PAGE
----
Before getting hooked on disc golf in the mid 90’s, I was (like Paul McBeth) an aspiring baseball player. And as all baseball players know, there are a numerous time-honored traditions. One involves how teammates treat a pitcher who is in the process of potentially recording a no-hitter. In baseball, as the outs and innings tick by, the pitcher’s teammates work harder and harder to avoid him. By the eighth and ninth innings no one will even sit near him in the dugout- much less engage him in conversation. Asaf has never played baseball, but he has  impeccable golf etiquette, and his instincts on how to react to my hot round were spot-on.

As I said, my par putt on 13 drew a perfectly measured response from Asaf. Hearty congrats for parring a hole that seeing may more 4’s than 3’s, but nothing to draw attention to the fact that I just cleared the biggest hurdle to carding a bogey-free round at DeLa.

Hole 14 was in the 2nd-toughest of it’s four possible pin placements, and after a drive good enough to get a pretty routine upshot for par, I kinda blew it. I hit a high limb trying for a high hyzer upshot and left myself 29 feet away. Feeling for the first time the full pressure of bogey-free potential, I hit the putt to keep hope alive. Asaf once again didn’t betray his recognition of the significance. I uncharacteristically celebrated, but I don’t recall him saying much of anything. I mentioned earlier that I’d had only four bogey-free rounds at DeLa in more than 20 years . . . well, I’ve made it past hole 13 only to get my first bogey on 14 at least 10 times. So that was a hurdle to clear as well.

Hole 15 was my first birdie in seven holes, hole 16 saw one of my longest drives there ever (400-plus feet in the air, but I missed the 40-foot putt), and hole 17 resulted in a birdie for both Asaf and me. Hole 18 and 19 were both pars for me, but Asaf birdied 18 so he took the teepad for the first time. I remember kind of liking that as it took the focus off me and my round.

On hole 20, which had just been moved to its right position, I likely came close to an ace. We couldn’t see the result from the tee, but my drive ended up just past the hole, 18 feet away. I birdied that  hole, as well as 21 and 22, a long drive across an OB road- which I based. Holes 23 and 24 were pars, which left me with what we refer to at DeLa as ‘The Hill,’ the final four holes that play up, across, and down a steep, rutted, and tree-filled slope.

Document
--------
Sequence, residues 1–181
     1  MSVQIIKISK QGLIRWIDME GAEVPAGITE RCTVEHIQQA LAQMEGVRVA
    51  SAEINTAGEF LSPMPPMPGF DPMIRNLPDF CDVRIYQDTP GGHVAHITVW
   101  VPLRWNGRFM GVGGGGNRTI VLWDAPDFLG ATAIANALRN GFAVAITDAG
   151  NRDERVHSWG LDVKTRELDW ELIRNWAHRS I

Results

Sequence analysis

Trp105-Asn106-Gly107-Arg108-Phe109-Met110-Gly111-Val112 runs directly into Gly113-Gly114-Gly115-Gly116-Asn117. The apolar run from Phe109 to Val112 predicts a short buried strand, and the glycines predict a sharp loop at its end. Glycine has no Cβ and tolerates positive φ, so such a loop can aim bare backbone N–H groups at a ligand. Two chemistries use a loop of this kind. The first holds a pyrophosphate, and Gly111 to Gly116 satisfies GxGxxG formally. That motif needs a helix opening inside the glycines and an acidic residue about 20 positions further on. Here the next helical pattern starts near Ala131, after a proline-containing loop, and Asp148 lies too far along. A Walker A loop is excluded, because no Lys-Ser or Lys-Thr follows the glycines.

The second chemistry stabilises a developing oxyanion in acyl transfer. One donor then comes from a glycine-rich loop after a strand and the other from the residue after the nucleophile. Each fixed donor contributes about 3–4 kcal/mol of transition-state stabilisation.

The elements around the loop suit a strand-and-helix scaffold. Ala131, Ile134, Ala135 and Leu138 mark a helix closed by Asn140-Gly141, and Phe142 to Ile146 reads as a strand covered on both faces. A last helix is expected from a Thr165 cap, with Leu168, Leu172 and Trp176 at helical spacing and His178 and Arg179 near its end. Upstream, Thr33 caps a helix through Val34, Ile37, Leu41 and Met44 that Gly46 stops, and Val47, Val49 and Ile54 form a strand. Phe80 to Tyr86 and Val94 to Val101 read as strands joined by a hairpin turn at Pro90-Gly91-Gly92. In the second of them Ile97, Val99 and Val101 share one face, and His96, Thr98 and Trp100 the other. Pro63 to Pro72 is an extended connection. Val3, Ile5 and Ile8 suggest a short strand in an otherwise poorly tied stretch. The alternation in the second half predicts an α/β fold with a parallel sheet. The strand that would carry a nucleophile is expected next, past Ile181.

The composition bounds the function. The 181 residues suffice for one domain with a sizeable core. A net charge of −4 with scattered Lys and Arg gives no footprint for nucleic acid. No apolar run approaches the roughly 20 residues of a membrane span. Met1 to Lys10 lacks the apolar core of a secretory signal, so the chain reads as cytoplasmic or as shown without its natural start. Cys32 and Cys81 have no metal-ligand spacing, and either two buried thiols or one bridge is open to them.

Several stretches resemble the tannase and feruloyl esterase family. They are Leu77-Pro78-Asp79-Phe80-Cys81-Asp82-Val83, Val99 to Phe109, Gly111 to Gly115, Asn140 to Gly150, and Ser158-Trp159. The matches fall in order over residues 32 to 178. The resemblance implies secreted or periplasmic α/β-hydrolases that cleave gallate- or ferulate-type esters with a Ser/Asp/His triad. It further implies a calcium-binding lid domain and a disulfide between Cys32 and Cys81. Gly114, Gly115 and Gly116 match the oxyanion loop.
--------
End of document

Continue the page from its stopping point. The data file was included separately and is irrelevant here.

Hole 26a at DeLaveaga looks simple enough from the tee, but a narrow fairway and steep drop-offs on both  the left and right mean drives need to be both very straight and fairly long. Photo by John Hernlund.
Hole 26a at DeLaveaga looks simple enough from the tee, but a narrow fairway and steep drop-offs on both the left and right mean drives need to be both very straight and fairly long. Photo by John Hernlund.

Hole 25 was recently moved short, which is a good thing, except that the short pin placement is close to an OB road to the right. For a guy throwing lefty backhand hyzer, at that position for the first time in months, it caused a good deal of consternation. My Vibram O-Lace came through, though, and the reliable grip enabled me to turn a big S-turn into a drop-in birdie. Asaf, in retrospect, was treating me more and more like radioactive material.

Hole 26 in the long is one of those holes where it’s nearly impossible to just ‘play it safe’ off the tee. I did what I normally do, got a good result, layed up as safely as possible for par (if you know this hole you know that there is no such thing as a routine par here) and thankfully kept my card clean for another hole. 27 holes down, two to go.

Hole 26a was added around 10 years ago – maybe longer – at a time when we were trying to ‘rest’ some environmentally sensitive holes like 17. The idea was to always have 27 available to play. It sits on a narrow ridge between the basket for 26 and the tee for 27, with steep DeLa-style drop-offs on both the left and right sides. 26a was one of the holes just moved- to it’s long position. I knew if would provide the final challenge to a bogey-free round, as hole 27 (normally Top of the World) to an ridiculously short position.

My drive on 26a, thrown with a Legacy Rival for stability and control, came out exactly as I wanted. However, at the end of its flight  it got caught by some Scotch Broom foliage in the fairway and left me with an obstructed 200-foot upshot. I did everything I could with my soft Ridge given the circumstances, and it came down to a 40-foot low ceiling look for par. My lean/jump-putt looked good most of the way, then hit the top nubs of the Mach X basket and fell unceremoniously to the ground. Bogey.

What happened next, though, was pretty cool. It was obvious that Asaf had been for many holes holding in the desire to show his support for my effort. We discussed what had been moments before taboo, then quickly moved to the fact that he could preserve a single-digit score by parring the final hole.

I was disappointed to lose the bogey-free round on the second-to-last hole, but also still aware that I had a pretty hot round going anyway. After my teeshot on 27 looked like another likely birdie putt and we were snaking out way down the 68 steps from tee to fairway, I mentioned that I thought I still might have a shot a double-digits under par. Asaf  replied that he thought I was easily at that mark, but I wasn’t sure. As I mentioned earlier, I try hard not to keep track of my total, and if I had to guess at that time, I would have guessed that I was either -9 or -10 at that point.

Turns out I was -12 when I missed my par putt on 26a, and then -12 after I hit my 13th and final birdie on 27. I tied my personal best (recorded in 2006), didn’t get the bogey-free round that really meant more to me, but still floated around the rest of the day basking in the glow.